I refuse to do that to my daughter’s dreams! Even when I foresee a not so great experience approaching (basketball was not her “thing”) I encourage her to try if it is what she believes she may be good at. There is no shame in trying, no shame in not being a female Michael Jordan – if she is trying to do what she believes she may be good at doing. When basketball proved to be an awful experience her dad and I wouldn’t let her quit, for she also has to know that dreams become reality, big or small, from commitment and hard work.
She has the right and the need to explore her dreams – without my pointing out that in my opinion she lacks talent in that area. I don’t want her sitting on the sidelines of her own life WAITING to live it. At 48 years of age when she looks back I want her to remember her mother cheering her on, not joining with the crowd and booing her.
As for me, well, I don’t sing anymore except from the church pew and the steady stream of solo pieces I keep practiced up in the commute to and from work for a reason I don’t know yet. Somehow losing my leg has meant no choir loft, no special music.
Slowly I’m starting to understand that if other people, especially God, can look at the “inner me” and find “beauty” that maybe I can too. This one is taking a little more time. But it’s been a few months since I hid in the restroom to cry over a careless remark or look or my own disappointment in my outward appearance. That’s progress!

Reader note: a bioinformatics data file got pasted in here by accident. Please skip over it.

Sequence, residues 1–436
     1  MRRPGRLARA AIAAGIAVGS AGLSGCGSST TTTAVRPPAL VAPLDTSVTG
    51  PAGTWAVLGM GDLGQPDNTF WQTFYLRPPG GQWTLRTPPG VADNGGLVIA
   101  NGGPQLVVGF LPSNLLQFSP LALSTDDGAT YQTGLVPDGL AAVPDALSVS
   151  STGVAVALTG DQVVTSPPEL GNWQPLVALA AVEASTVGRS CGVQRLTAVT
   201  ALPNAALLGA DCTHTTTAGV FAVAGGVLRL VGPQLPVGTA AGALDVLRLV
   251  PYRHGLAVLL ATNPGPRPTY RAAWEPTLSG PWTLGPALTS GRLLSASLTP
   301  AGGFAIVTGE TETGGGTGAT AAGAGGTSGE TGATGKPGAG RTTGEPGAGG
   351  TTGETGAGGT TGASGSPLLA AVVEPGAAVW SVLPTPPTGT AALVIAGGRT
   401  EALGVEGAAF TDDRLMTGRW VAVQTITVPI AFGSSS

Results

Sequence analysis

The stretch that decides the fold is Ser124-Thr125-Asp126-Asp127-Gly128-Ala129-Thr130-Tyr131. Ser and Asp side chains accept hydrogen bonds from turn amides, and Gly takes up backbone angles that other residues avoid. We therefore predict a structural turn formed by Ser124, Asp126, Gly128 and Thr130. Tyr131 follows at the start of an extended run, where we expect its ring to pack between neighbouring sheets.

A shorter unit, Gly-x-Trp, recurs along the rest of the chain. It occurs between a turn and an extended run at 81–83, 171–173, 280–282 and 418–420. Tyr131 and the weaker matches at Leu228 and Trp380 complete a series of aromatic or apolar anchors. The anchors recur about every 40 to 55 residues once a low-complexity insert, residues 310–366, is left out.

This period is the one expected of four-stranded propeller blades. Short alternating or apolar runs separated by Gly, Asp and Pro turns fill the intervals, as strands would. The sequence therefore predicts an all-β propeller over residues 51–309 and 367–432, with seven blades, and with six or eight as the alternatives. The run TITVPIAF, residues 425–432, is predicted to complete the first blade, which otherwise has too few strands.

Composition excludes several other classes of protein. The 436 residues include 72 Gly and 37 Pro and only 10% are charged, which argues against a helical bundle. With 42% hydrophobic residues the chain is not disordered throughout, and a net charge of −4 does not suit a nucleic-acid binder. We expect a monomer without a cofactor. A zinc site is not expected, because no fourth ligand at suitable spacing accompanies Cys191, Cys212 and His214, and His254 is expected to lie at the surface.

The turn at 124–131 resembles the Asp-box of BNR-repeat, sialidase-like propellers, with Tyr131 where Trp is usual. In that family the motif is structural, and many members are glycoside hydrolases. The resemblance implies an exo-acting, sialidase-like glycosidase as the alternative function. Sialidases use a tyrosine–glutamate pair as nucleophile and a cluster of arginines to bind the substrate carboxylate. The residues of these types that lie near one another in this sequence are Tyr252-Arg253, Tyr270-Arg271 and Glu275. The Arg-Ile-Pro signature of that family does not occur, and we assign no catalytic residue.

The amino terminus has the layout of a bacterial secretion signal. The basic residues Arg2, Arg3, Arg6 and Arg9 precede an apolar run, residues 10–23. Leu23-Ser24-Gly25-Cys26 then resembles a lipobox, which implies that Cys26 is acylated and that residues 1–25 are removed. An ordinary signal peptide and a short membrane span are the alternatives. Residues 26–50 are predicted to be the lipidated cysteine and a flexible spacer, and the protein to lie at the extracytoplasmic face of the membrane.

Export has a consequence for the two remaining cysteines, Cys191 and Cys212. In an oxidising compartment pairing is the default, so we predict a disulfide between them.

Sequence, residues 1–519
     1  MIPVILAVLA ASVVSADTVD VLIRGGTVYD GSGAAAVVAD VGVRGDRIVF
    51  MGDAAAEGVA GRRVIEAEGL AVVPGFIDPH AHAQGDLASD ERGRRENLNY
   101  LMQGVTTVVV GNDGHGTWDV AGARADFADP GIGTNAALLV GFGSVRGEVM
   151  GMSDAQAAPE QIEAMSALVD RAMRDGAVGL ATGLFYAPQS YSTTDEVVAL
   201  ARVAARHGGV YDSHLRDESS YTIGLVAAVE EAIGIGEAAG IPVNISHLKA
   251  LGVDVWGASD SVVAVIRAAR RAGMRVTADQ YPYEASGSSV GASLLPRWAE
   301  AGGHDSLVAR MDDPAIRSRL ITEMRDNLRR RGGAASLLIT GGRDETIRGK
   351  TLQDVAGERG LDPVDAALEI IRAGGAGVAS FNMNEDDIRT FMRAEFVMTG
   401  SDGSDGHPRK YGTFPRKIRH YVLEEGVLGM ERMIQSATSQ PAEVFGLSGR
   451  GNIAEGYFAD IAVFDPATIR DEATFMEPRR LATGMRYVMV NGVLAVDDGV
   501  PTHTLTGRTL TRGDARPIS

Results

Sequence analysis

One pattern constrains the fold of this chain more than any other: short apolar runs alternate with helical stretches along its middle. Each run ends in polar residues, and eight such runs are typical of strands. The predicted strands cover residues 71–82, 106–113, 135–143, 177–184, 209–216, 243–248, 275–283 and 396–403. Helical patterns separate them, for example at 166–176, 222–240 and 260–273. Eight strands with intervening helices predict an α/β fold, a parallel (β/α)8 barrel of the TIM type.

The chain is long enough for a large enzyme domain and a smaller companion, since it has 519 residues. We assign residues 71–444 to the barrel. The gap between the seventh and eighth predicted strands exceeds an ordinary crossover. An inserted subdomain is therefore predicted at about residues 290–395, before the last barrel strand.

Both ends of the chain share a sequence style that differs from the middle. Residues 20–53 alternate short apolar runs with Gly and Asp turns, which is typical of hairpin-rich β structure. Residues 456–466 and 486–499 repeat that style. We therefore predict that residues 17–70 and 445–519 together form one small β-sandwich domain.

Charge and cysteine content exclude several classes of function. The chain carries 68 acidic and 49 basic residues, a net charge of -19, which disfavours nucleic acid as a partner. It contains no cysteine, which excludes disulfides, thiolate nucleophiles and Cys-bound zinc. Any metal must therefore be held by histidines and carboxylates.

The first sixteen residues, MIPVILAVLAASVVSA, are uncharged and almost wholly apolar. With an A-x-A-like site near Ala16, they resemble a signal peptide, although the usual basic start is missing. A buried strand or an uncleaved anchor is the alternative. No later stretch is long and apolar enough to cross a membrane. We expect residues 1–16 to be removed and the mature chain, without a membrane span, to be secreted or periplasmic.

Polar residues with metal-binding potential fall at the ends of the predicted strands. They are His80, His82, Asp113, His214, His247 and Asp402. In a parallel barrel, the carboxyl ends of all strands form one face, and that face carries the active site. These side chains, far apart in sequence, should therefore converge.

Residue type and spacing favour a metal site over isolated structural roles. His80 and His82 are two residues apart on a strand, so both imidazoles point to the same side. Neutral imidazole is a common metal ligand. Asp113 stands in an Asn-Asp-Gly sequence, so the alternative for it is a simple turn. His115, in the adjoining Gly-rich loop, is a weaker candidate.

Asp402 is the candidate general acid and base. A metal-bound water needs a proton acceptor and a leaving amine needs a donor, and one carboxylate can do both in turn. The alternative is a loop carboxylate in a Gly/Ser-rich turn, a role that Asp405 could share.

Being a writer? I found that dream has proven to be the hardest to die off! I can’t re-write or recover those earliest writing attempts but I cherish the time I can spend writing now. I don’t write as much in secret anymore. I have this blog that I use as an outlet, a step towards the writing dream. I’m no Duane Scott (http://scribingthejourney.com) or Dusty Rayburn (http://devotedconversations.com) but as I tell my daughter, we don’t have to be like someone else, we can be who we are and use what we have to fulfill our dreams, to know God’s plan for our lives.
Most of all, I tell her, pray about your dreams, for God always answers prayers one way or the other. He may help shape your dream into another altogether but always for His glory.
“May he give you the desire of your heart and make all your plans succeed. We will shout for joy when you are victorious and will lift up our banners in the name of our God.”
– Psalm 20:4-5 N.I.V.